Training and talent acquisition seems like a logical pairing. One hand neatly washes the other when it comes to preparing top talent to perform on the job. Unfortunately, all companies don’t practice this integration well, and when it breaks down? Well, let’s just say silos are the least of your worries.
Dave DeFilippo, chief people and learning officer for Suffolk Construction, believes that it’s critically important for learning leaders to partner with the talent acquisition function to build organizational capability. In fact, he said while the employee lifecycle starts with sourcing, acquiring and on boarding the best talent, there’s a key hand off to the learning function, which then develops people for their technical or functional roles.
“The risk is that you’re in a few silos,” DeFilippo said. Silos prohibit these two interconnected functions from working together effectively. “The name of the game is, hire the best, acculturate them to the organization, and get them up to speed. The underlying assumption, especially for technical talent, is that they bring some skills to the table; but you want to put employees in a system where they can get up to speed as quickly as possible.”
Develop the Perfect Relationship
DeFillippo said to avoid silos and prevent stopgaps in cross-departmental relations, the talent acquisition and learning teams must work in concert. “If it’s integrated you’re doing it strategically. Whereas if you’re silo’d, it’s transactional,” he explained. “Technology moves so quickly, savvy organizations have those functions fully developed so they can continually upskill talent.”
If learning and talent acquisition partner effectively, they’ve likely agreed in advance to operate within a specific HR operating model or human capital practice. This model or practice clarifies the importance of human capital in the organization, defines the different components of the employee lifecycle and provides structure for business-centric workforce planning.
Everything, whether it’s learning or talent acquisition related, begins and ends with the business, DeFilippo said. But the best sourcing and on boarding plans integrate cultural assimilation with more tactical items so that people quickly understand how to get things done – before the learning function takes the wheel to ensure talent can perform as expected.
Essentially, leaders should be able to fill in any missing gaps that might prohibit employee performance on-the-job. “Think about what roles align with core competencies that differentiate the business,” DeFilippo explained. “Take an estimator, for instance. In our business, an estimator is really important because if you estimate the project wrong, you lose money. If you know it takes two to three years to build that capability, plan for the future. Workforce planning segments roles that are current and future focused. Then there should be a clear hand off to the learning function.”
Ensure the Hand-Off
That smooth hand off from talent acquisition to learning will only happen if there is an effective partnership between the two functions. For instance, leaders in both camps should know when the organization acquires new talent, when does the learning organization own that person in combination with their direct talent manager? Do employees know what learning resources are available to them in on boarding?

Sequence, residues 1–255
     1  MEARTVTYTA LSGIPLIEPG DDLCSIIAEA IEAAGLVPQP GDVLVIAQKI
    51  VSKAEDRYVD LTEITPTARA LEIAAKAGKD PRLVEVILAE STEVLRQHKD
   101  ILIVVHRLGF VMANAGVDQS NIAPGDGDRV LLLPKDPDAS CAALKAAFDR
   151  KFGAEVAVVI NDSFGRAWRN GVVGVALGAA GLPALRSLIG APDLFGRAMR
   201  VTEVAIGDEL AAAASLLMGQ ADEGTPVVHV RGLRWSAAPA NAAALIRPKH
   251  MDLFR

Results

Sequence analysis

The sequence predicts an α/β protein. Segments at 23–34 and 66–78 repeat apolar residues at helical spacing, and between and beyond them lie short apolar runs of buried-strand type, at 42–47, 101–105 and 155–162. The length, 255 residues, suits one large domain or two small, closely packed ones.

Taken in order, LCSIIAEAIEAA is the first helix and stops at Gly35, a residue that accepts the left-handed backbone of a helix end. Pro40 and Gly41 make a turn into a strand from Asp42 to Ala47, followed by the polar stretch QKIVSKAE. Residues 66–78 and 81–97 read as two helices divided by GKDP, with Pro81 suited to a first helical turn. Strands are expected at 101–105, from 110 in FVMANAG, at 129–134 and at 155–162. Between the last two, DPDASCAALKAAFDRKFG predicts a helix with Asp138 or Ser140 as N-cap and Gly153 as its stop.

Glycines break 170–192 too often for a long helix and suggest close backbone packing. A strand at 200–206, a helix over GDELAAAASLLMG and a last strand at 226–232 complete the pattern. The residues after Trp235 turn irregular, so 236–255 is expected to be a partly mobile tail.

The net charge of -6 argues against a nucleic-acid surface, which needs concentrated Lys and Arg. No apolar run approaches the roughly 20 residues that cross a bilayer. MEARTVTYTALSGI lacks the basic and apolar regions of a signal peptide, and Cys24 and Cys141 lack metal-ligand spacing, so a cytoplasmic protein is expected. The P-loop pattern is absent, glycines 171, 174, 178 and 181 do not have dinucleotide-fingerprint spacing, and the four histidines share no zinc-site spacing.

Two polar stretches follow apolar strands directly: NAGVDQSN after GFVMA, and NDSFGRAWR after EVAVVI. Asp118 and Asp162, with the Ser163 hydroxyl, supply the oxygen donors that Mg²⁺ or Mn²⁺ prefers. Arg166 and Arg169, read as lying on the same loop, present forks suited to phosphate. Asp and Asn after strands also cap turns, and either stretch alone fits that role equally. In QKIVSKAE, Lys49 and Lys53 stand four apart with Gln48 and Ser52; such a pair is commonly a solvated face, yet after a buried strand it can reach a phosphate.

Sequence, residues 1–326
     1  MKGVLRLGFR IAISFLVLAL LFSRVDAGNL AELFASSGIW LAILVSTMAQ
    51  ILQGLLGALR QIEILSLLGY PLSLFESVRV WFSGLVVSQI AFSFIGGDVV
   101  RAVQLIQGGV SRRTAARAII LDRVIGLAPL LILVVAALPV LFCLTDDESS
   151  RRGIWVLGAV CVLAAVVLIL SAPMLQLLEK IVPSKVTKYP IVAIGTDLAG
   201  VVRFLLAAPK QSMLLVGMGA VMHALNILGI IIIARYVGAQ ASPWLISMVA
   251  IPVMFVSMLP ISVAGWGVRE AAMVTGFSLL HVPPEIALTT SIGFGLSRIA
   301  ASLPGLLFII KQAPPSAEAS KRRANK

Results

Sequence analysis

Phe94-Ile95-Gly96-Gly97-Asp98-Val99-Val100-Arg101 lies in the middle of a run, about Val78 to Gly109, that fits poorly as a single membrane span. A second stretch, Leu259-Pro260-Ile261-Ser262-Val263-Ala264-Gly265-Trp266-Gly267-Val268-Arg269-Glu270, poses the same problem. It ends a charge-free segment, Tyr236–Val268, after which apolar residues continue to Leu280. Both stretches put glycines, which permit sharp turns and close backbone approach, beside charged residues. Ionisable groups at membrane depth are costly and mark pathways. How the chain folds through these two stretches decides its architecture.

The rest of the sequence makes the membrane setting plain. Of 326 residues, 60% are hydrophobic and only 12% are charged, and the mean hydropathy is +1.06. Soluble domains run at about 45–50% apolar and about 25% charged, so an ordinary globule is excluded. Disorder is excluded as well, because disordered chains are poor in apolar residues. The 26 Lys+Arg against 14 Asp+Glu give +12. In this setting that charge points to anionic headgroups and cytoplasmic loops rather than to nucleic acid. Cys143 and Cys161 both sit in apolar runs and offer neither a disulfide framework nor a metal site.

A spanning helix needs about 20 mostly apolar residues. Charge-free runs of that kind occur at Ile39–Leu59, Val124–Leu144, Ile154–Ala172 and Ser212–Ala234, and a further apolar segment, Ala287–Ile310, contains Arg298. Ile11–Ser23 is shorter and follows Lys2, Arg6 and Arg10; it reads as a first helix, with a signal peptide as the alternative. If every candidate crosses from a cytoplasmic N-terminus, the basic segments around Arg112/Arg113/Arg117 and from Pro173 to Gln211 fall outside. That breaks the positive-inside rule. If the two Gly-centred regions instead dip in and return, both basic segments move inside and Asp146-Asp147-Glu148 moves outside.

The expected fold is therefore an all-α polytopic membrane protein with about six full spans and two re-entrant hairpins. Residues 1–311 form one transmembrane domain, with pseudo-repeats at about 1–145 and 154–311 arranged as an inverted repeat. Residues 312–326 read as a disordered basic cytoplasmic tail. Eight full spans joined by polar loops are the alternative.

When it comes to compliance training, for example, that quick, early hand off ensures there’s no ambiguity. “You decide what learning content is important to deliver at a certain point in the employee lifecycle,” DeFilippo said. “For technical talent, a role-based curriculum can neatly define what positions require what learning.”
The partnership between talent acquisition and learning is also immediately advantageous because technical talent like developers and engineers have to be skilled so often, if you start with the wrong person, the entire process will be flawed. “You have to learn and relearn because technology is going to change on a regular basis,” DeFilippo explained.
“Selecting for aptitude to learn becomes highly relevant. Through the talent acquisition process you can use behavioral interview questions or assessments to check people’s learning aptitude: ‘Tell me about a time you had to learn a new system or technology process to do your job.’ Have them play back for you when they had to make it real.”
Finally, DeFilippo said the partnership between learning and talent acquisition requires that each leader facilitate the other’s work. Acquiring talent in a competitive market – such as advanced technical skill in areas far from Silicon Valley – is so challenging, one hand – or one function – really does need to wash the other.
“For example, when we go on campus to recruit, individuals want to know as part of signing up with a company in a good labor market, how are they going to be developed? Our talent acquisition people need to understand the development process, the curriculum, and the opportunities,” DeFilippo said. “We partner with the talent acquisition people because they need to be educated so they can sell the job.”
In that way, talent acquisition leaders become learning advocates for the external market, and learning works as a branding tool. In the end, the goal is to get the best talent. But how leaders cultivate the relationship between talent acquisition and learning, how they build that partnership, could make all the difference.